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Hello all!

I have been working on this awesome 1920's Ludwig concert drum and I need to try to remove some stains in cracks. It had been painted a couple times. So I stripped all that I could, now I'm left with these blue stains in the cracks. I'm going to try oxalic acid to see what it does... Just wondering if you guys and gals had any other suggestions.

Thanks

Justin

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 Justin oxalic acid is a bleacher of organic material, NOT paint remover.

It will do 100% of nothing for that application.

You need to get some dental pics, and some magnifying lenses and start picking all of it out.  You should consider going to your local Wood store and seeing if they have proper size veneer to wrap it. It's pretty simple to do too! 

Yep, you're right Kerry. It pretty much did nothing.... I did suspect that as I read quite a bit about it, but it was my last attempt. It did remove some stain from the old head around the edges, but that have been mostly due to brushing it out of the pours.... and not the acid.... I'm not really sure. It's an interesting project and I'm trying to preserve as much of it as possible. We'll see. Thanks anyway!!

Justin

Id maybe work some paint stripper into the cracks with a little brush then use another stiff -ish brush to work it loose. Circa 1850 is an effective stripper, but i dont know if itd have any effect on the glues that may be in the plies of a drum rim.

My daughter just did a Trade Secret for Dan Erlewine that might help:

http://www.youtube.com/watch?v=tViTWUL8Was#t=74

Ed Minch

Great Video. Old world craftsmanship is alive in your daughter.

Major Kudos to you & her :)

Hi Justin.

A couple of my friends are pro-level Drum Tech's & restoration experts.

They suggested that before you proceed, try to establish the original color. They said that natural AND transparent finishes were rare. THEY postulate that the drum was originally blue Lac or had a celluloid (or whatever drums use) as a wrapper.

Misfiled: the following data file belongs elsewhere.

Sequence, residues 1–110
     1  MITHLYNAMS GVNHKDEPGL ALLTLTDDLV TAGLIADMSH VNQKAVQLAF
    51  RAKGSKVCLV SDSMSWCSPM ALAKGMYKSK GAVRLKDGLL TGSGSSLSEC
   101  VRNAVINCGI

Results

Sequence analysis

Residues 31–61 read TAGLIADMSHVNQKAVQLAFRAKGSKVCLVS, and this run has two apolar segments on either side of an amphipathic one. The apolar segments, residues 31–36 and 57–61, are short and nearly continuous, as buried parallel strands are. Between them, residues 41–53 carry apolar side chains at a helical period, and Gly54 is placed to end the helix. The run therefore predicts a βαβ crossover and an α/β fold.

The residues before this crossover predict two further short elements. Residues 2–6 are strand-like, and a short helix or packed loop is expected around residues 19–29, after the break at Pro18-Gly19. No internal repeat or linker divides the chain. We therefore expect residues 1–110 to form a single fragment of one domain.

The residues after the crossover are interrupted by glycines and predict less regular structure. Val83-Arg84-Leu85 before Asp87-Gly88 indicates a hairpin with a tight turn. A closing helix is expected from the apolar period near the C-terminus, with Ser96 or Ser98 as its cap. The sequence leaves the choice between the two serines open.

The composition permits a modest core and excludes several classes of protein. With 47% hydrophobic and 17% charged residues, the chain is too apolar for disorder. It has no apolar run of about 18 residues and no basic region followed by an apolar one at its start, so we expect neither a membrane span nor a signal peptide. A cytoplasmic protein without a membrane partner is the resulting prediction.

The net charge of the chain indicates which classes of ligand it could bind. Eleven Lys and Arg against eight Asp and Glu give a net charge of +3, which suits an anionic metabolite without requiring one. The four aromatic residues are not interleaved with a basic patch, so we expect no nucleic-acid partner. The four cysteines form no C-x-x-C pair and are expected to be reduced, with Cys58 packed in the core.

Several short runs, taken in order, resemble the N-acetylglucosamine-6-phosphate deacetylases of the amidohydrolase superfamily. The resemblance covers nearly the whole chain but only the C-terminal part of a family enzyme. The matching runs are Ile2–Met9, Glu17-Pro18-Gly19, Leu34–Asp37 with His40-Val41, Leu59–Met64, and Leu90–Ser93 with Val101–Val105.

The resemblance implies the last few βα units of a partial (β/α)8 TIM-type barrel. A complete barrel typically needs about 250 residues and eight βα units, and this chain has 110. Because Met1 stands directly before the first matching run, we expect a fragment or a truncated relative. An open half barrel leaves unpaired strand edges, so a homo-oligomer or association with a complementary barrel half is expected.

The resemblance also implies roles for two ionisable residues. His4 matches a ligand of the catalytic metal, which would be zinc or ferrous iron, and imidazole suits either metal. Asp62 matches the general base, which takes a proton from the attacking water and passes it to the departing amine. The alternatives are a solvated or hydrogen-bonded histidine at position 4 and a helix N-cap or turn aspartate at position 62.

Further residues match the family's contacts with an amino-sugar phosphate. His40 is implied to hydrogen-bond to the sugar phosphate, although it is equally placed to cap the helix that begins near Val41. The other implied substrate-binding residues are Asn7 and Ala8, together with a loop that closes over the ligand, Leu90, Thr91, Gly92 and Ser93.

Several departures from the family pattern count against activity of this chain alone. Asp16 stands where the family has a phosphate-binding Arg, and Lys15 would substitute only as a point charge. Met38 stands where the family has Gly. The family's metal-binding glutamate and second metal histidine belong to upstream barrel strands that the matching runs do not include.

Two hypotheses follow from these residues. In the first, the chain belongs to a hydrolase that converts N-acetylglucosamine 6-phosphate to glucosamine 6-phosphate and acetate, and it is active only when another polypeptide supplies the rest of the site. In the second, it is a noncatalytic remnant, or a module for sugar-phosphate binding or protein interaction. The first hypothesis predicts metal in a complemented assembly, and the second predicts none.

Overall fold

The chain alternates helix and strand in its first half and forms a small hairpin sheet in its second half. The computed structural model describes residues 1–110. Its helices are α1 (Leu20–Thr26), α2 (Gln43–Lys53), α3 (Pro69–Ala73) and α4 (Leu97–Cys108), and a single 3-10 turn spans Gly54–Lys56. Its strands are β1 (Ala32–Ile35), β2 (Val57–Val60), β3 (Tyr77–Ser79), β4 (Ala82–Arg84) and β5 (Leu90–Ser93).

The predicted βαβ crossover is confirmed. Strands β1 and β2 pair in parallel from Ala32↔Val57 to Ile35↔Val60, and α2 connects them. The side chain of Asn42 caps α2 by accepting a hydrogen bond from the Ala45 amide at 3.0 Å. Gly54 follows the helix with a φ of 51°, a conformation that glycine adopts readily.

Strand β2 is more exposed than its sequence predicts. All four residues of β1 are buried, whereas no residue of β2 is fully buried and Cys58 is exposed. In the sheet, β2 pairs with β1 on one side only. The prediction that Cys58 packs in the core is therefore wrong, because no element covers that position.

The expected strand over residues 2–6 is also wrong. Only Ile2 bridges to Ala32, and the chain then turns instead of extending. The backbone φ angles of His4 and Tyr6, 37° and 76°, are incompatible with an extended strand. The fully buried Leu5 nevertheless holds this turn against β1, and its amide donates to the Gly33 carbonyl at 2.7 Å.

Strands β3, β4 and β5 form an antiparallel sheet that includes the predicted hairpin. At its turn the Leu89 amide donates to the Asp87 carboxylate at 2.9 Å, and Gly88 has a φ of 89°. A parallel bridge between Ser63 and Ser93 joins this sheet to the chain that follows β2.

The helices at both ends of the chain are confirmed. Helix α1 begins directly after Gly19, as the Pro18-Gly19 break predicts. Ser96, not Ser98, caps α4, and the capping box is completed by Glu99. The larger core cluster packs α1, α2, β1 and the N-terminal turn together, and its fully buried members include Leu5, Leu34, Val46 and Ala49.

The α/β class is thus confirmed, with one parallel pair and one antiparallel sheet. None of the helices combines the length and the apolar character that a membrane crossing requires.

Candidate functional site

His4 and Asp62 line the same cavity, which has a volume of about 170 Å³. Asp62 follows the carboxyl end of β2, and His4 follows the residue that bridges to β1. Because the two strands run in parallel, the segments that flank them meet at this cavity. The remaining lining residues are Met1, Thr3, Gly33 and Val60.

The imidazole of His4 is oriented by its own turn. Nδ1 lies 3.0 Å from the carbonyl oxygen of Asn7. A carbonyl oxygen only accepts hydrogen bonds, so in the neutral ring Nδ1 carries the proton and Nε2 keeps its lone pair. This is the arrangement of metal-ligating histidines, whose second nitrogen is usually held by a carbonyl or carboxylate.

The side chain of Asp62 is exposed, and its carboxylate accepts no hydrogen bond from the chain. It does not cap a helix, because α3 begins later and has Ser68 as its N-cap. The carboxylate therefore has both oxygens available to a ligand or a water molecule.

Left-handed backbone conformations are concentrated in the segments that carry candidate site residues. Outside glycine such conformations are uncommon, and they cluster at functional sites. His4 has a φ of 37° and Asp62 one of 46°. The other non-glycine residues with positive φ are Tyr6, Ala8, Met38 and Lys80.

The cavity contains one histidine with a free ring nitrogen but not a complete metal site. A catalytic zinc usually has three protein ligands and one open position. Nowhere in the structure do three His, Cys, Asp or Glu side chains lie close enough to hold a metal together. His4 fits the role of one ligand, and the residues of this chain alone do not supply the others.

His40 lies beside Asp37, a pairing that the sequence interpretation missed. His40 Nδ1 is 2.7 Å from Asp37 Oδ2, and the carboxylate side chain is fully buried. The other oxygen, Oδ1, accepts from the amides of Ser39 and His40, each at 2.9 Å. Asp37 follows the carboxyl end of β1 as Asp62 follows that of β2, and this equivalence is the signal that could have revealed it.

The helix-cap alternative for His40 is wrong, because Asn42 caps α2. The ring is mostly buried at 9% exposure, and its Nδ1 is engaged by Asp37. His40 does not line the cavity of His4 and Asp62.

They said it will save you much time and frustration if the substrate will be covered or finished in an opaque lacquer.

They also told me that guitar tech's know very little about vintage drums and that you should probably post the same question on a forum dedicated to vintage drum restoration. btw: they acknowledge that Drum Tech's know less about guitars that Guitar Tech's know about drums :)

But, the first step is determining original finish of the snare. That will determine you next step.

Also,  if your client is a drummer, my friends suggest that you get material costs up front because they tell me they have a moderate number of  "instrument was abandoned" cases. After 90 days, the abandoned instruments hit e-Bay..which is explained when the drum comes into the shop.

I hope that some of that info is useful.

Hi Paul,

This drum has been repaired a few times and repainted a couple times as well. I do wish I was able to do an opaque finish, it would make it SO MUCH EASIER, but that's not what the customer is looking for. He wants a more natural finish. I do believe it was originally some kind of blue color, as it showed some signs of original paint on the hoops..... In all reality I don't really know much about drums:), but I do know a lot about this customer and he insists that I do it and that it be natural... Go figure.. I will take your advise and hit up some resto guys from other sources.... It's turning into quite a learning process, but really enjoyable to do.

Thanks for the advise!

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